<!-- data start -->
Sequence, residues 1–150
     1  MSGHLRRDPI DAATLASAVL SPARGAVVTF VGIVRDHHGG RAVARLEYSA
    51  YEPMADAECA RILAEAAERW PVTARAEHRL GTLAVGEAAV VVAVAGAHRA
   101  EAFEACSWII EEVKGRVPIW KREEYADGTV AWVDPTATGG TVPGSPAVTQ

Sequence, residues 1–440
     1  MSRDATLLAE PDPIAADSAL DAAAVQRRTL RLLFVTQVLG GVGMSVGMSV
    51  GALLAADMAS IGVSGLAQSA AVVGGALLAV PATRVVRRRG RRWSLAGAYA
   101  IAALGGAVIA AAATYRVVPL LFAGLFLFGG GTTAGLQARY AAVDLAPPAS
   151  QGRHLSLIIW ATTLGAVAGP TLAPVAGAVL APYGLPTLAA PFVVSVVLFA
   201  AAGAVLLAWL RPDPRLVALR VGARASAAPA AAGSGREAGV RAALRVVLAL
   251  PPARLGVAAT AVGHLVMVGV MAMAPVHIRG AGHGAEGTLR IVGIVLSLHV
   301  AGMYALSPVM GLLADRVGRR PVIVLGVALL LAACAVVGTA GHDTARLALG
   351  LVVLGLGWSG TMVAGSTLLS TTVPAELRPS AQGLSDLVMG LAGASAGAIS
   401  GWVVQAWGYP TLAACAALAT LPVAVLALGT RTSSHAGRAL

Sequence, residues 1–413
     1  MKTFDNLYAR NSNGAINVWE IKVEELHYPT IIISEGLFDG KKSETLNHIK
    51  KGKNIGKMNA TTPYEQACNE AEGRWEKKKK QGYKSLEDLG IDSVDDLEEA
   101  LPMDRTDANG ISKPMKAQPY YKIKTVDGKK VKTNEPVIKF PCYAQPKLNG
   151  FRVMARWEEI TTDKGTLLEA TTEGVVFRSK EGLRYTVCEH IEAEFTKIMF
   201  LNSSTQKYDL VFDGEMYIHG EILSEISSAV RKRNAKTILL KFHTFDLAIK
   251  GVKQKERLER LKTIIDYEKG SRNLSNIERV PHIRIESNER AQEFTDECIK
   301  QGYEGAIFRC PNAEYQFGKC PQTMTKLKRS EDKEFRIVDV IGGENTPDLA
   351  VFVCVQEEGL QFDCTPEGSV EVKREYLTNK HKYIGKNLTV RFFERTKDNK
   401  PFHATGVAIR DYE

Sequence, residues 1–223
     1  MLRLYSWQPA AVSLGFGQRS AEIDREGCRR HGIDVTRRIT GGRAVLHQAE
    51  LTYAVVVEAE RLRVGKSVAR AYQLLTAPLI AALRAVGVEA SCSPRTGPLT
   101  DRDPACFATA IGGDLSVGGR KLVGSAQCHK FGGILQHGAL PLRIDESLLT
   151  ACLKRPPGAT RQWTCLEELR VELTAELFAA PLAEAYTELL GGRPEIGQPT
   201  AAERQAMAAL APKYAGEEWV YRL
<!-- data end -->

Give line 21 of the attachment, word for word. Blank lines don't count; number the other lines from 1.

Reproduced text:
   251  GVKQKERLER LKTIIDYEKG SRNLSNIERV PHIRIESNER AQEFTDECIK